Vancouver, BC – If you’ve been paying attention to the news lately, you’ll know that hurricanes continue to hammer parts of the Caribbean and South East United States.
Images of flooded highways and submerged vehicles in Texas paint a picture of insurance nightmares. The problem is, many of those flooded vehicles could make their way across the border once things start to dry up. Many ‘curbers’ will buy up these vehicles as salvage from insurance companies and then try to hide the flood history before making a sale anywhere they can – even in Canada.
“First and foremost, flood-damaged vehicles don’t qualify for licensing anywhere in Canada,” says Evan Kelly, Senior Communications Advisor for BBB serving Mainland BC. “According to the Vehicle Sales Authority, to be considered a flood-damaged vehicle, water would need to have reached the bottom of the dashboard. It could take several months before corrosion to find its way into vital electronics or even the airbag. Remember, if a deal seems too good to be true then it probably is.”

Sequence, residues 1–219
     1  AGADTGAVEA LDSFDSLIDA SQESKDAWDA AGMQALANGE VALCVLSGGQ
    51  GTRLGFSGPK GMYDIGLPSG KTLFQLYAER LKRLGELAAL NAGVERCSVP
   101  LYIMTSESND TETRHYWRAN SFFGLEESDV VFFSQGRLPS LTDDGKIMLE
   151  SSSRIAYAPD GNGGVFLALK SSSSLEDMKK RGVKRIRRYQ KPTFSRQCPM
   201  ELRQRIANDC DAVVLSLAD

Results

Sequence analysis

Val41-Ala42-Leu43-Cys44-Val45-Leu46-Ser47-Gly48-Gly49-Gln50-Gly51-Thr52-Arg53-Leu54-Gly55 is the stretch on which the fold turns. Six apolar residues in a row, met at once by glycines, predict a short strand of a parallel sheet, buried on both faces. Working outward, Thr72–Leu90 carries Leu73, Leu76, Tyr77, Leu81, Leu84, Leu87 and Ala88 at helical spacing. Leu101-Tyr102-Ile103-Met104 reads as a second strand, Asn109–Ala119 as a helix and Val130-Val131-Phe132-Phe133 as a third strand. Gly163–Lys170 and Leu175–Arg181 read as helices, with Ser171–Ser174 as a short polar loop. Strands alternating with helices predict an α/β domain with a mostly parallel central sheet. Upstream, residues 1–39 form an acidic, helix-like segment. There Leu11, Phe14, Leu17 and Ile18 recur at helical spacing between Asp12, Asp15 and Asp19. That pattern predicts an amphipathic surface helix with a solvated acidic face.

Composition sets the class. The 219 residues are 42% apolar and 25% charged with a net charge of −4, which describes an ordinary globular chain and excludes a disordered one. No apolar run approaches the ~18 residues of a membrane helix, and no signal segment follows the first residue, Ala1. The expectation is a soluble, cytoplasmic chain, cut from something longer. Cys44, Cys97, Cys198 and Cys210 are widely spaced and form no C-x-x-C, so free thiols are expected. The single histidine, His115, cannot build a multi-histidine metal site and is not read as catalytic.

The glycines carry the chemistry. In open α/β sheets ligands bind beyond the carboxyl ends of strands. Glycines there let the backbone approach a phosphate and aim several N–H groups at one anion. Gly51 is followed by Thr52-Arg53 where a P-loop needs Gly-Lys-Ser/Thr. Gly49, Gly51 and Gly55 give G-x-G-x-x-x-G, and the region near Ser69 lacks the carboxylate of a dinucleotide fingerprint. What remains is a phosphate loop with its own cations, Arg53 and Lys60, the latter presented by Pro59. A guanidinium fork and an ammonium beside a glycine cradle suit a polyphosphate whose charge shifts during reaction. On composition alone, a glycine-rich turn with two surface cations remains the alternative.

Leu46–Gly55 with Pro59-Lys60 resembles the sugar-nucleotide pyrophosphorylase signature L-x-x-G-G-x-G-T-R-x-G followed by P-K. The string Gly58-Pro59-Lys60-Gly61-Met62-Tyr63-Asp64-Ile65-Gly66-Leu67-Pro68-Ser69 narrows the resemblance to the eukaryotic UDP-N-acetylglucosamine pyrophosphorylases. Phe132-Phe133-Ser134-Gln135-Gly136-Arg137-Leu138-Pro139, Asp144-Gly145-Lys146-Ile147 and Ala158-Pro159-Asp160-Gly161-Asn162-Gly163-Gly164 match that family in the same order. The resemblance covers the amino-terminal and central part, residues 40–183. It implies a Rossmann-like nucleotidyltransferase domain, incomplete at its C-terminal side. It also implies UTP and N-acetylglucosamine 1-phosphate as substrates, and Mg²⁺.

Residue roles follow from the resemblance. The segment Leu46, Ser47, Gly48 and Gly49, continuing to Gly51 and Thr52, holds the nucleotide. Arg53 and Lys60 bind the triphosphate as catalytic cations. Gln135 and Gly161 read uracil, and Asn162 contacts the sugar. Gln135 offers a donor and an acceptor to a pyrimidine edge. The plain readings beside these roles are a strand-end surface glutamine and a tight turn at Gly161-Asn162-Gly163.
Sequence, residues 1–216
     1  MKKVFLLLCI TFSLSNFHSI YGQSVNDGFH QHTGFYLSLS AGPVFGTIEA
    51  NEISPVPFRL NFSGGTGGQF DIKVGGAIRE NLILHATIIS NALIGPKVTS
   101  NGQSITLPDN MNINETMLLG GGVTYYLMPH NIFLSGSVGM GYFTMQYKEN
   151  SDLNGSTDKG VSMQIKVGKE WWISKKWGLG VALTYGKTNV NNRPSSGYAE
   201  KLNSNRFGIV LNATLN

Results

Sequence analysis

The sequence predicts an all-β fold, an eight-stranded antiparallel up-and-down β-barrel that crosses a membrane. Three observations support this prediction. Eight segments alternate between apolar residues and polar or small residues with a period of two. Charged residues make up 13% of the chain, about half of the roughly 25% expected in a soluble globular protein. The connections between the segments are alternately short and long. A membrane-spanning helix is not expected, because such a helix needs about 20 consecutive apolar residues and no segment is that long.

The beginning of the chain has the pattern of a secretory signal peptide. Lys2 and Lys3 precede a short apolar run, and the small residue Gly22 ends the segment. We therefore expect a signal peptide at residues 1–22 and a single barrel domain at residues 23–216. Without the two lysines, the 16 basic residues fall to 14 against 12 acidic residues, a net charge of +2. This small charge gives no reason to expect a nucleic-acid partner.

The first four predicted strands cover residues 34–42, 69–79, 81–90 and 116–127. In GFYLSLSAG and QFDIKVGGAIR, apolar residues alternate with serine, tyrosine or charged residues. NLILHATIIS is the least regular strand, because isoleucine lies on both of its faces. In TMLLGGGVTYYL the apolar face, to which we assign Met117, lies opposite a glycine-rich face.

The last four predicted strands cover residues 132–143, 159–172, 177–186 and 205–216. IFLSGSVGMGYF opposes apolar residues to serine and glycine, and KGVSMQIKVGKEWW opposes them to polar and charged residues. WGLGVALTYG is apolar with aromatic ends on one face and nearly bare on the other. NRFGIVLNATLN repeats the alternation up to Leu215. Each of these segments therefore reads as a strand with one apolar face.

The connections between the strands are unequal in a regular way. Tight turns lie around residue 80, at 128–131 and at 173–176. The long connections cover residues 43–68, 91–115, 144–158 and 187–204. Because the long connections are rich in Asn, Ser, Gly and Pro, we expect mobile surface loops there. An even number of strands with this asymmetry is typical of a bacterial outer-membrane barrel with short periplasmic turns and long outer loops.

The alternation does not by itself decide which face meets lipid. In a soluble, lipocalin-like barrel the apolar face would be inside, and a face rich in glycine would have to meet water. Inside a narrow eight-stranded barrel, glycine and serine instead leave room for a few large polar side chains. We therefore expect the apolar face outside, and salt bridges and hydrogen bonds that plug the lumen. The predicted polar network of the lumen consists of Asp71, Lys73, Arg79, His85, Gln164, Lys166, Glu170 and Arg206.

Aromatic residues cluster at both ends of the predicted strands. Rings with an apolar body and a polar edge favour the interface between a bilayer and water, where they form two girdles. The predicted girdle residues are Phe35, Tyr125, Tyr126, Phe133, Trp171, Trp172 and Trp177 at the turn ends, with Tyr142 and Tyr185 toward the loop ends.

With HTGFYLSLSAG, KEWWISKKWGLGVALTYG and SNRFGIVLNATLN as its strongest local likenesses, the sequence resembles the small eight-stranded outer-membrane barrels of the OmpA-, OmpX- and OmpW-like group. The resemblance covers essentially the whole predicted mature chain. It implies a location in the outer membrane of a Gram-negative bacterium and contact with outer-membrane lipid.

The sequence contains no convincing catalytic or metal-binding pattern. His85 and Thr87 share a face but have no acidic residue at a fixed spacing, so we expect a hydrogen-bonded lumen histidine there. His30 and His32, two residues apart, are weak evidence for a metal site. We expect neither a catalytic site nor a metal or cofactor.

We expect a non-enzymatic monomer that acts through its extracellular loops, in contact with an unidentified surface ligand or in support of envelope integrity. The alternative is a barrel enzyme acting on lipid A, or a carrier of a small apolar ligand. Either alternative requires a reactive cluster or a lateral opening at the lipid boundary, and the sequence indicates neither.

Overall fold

Tips to avoid a potentially flood-damaged vehicle:
• A musty odor in the interior, which can sometimes be covered with a strong air-freshener or shampoo.
• Upholstery or carpeting which doesn’t match, is loose, new, or stained.
• Damp carpets.
• Rust around doors, inside the hood and trunk latches, pedals, or under the dashboard.
• Water lines in the engine compartment.
• Mud or silt in the glove compartment or under seats.
• Brittle wires under the dashboard.
• Fog or moisture beads in the interior or exterior lights or instrument panel.
• Seat mounting screws: If these have been tampered with in an effort to dry the carpets, could be a red flag.
Other important checks:
• Turn on the ignition and check all instrument panel lights.
• Test interior and exterior lights, air conditioning, windshield wipers, radio, heater, turn signals and heater, more than once.
• Get the car inspected for flood damage by a reliable mechanic.
• Carfax or CarProof reports offer a vehicle history to check for flood damage or signs of salvage title fraud.